San Diego already has its own casualties from the NFL players strike, and they fall in a ripple effect from the hard seats of Jack Murphy Stadium.
Closest to the scene are most of the 1,600 people who make the stadium work whenever the Chargers play. They are the ones who take the tickets, sell beer and souvenirs, park cars, drive buses, provide protection and clean up the mess after the NFL's weekly party is over and everyone is gone. They get paid by the hour, work part time and don't have guaranteed contracts.
Then there is the City of San Diego, which expected to pay $1 million this year to help subsidize the stadium. But that was before the strike, which the stadium's business manager says will cost the city $187,000 in revenues each Sunday the Chargers don't play and will mean a higher subsidy.
To make up the difference, officials may have to postpone planned stadium improvements or book a major concert next summer. That won't be easy, since every stadium in the NFL will be out there trying to hustle the same promoters.
Sports Saloon Won't Open
From there, the ripples lap at the doors of saloons all over town. Gary Polasky, manager of Rocky's Balboa--the sports bar wonderland in Pacific Beach with 12 television screens and three satellite dishes--says the tavern will be closed Sunday.
On a typical Sunday of professional football, Rocky's fills with 275 customers, with an hour wait at the door. "Our business will be devastated Sunday," said Polasky succinctly. "We'll probably be hurt more than any business in San Diego."
For those who work at the stadium, the strike will mean a loss of pay. For the 52 bus drivers of San Diego Transit--who on game day ferry 3,000 people to the stadium--the strike means a day without overtime.
The average driver making time-and-a-half overtime is paid $19.75 an hour, which after a usual 7 1/2-hour day amounts to $148. That comes to about $7,700 for all 52 drivers for the day. On that same day, Dan Fouts will lose $46,875, Kellen Winslow, $46,563. And of course, owner Alex Spanos will be out hundreds of thousands of dollars.
Rich Murphy, vice president of operations for the bus company, said San Diego Transit, unlike the city, won't be hurt by the strike because the typical $4 fare paid by football fans pays the cost of the drivers and buses. "Our system is designed to break even," Murphy said. The only hitch is that the bus company will have to refund money paid by customers who bought bus passes for the season.
Stadium Workers Idled
The stadium's biggest game day employer by far is Service America Corp., the firm that's operated the concessions for 18 years. It employs 1,000 workers on a typical NFL Sunday, employees who earn an average of about $6.50 an hour. "We're going through a lot of reforecasting right now," said Service America general manager Bud Cappello. He declined to say how much the company stands to lose, but said it would be substantial. The city estimates it will lose its 20% cut of the concessions Sunday, which it put at $45,000.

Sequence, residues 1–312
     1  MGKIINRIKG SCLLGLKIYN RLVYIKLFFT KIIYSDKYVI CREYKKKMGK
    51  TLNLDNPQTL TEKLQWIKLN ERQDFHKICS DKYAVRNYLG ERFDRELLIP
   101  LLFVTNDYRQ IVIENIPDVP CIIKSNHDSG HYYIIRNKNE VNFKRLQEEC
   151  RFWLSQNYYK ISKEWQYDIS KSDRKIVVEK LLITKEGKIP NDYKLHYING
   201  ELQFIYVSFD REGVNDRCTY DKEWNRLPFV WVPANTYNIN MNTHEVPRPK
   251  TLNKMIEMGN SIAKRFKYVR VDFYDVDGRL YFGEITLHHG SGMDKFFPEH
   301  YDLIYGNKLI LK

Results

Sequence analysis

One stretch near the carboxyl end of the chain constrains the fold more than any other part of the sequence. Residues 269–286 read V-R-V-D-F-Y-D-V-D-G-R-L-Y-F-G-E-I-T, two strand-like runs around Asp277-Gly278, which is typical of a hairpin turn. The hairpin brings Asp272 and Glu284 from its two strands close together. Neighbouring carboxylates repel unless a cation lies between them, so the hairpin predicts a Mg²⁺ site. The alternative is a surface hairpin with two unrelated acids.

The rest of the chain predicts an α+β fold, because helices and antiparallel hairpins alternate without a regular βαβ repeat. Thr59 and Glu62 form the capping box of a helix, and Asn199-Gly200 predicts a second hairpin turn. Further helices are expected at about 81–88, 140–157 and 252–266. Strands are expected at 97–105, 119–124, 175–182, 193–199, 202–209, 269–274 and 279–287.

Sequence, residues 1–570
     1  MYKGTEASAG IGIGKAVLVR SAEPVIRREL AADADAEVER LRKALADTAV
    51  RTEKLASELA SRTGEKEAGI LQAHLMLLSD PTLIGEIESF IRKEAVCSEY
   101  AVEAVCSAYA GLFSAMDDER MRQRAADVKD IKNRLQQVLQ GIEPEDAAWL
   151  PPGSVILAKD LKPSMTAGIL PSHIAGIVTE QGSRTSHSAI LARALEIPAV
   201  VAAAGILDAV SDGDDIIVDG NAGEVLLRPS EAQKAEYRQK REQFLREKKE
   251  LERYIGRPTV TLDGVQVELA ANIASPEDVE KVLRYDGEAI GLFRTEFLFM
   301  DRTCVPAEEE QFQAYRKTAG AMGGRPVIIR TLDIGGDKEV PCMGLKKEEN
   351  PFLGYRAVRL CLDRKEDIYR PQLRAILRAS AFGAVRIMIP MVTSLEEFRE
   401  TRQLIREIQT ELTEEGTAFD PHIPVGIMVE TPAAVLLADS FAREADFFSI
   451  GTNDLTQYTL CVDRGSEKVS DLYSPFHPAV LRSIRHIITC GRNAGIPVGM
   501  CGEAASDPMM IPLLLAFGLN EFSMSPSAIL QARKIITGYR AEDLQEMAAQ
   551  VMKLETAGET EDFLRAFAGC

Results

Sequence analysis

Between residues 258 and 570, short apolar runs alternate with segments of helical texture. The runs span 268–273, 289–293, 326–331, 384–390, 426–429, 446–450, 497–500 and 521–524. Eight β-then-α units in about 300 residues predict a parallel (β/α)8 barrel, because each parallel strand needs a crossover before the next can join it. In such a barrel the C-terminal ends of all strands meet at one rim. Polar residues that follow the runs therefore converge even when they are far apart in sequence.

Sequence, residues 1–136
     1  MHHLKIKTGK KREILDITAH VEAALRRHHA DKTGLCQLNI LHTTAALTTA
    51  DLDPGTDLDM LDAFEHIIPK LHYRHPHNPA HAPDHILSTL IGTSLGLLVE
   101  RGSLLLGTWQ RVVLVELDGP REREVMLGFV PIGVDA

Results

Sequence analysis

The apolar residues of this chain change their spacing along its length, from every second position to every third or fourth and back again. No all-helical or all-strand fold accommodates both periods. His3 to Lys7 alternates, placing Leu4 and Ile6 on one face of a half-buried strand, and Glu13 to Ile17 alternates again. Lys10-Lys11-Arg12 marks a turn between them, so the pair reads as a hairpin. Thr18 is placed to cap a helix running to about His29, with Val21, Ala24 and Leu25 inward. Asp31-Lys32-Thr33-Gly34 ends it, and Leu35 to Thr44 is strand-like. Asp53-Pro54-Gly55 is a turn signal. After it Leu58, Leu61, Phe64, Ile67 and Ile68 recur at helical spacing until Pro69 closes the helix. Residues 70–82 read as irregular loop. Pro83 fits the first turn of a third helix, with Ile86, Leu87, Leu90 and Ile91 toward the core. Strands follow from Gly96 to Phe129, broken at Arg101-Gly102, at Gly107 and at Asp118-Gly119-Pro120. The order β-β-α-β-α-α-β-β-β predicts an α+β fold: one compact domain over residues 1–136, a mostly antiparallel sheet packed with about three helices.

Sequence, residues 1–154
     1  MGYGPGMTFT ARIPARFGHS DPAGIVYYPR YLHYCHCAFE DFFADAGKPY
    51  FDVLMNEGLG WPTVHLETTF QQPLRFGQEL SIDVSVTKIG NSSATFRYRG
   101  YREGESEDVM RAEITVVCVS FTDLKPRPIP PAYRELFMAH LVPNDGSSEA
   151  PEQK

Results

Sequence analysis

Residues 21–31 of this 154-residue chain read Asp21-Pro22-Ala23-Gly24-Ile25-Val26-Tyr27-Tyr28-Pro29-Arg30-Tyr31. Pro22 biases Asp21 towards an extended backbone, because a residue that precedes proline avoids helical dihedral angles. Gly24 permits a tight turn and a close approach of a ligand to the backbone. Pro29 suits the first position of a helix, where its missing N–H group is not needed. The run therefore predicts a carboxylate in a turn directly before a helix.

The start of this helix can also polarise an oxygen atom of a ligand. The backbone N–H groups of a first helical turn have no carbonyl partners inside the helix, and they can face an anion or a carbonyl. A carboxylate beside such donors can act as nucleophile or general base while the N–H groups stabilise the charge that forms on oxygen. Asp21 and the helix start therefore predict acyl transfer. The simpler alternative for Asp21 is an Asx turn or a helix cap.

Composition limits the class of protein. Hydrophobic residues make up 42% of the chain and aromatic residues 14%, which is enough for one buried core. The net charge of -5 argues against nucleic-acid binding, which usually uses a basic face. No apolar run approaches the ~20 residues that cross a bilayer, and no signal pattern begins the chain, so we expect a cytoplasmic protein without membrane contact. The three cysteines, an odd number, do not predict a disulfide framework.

Cappello noted that Service America also operates concessions for football stadiums in Indianapolis and Cleveland.
Then there are the 200 to 220 private security guards who augment the 30 San Diego police officers at the stadium. They make about $6 an hour, and for some of them, providing security at Padre and Charger games is their only means of support, said Michael Gore, vice president of G&D Enterprises Inc., the stadium's NFL security company since 1979.
Many of the stadium's workers are represented by unions. One of the largest segments, consisting of about 300 employees, is represented by the Service Employees Union, Local 102. The union's president, Eliseo Medina, said the workers support the strike.
"We support the strike . . . though our workers have been put in the middle," Medina said. The unions, he explained, are discussing what to do if the NFL owners go through with their plan and play games with scabs.
The San Diego-Imperial Counties Central Labor Council has called a press conference for noon today to announce support for the strike.
"In all the contracts there is a no strike clause," Medina said. "That's what we're looking at now . . . because this situation is so different; it's outside of normal operating procedures and normal (stadium) events."
Double Whammy for City
The strike--especially a prolonged one--presents a double whammy for the City of San Diego. Jack McGrory, deputy city manager, said that because of the Padres poor showing this year--they've been mired in last-place for most of the baseball season--fewer fans have bought tickets. That translates into fewer dollars for the city.
Now with a football strike, the revenue stream is turning into a trickle. "We're going to have to look at some additional special events and belt tightening, and capital projects we might have to defer," McGrory said, noting the combination of the events will likely result in the city's subsidy for the year topping $1 million.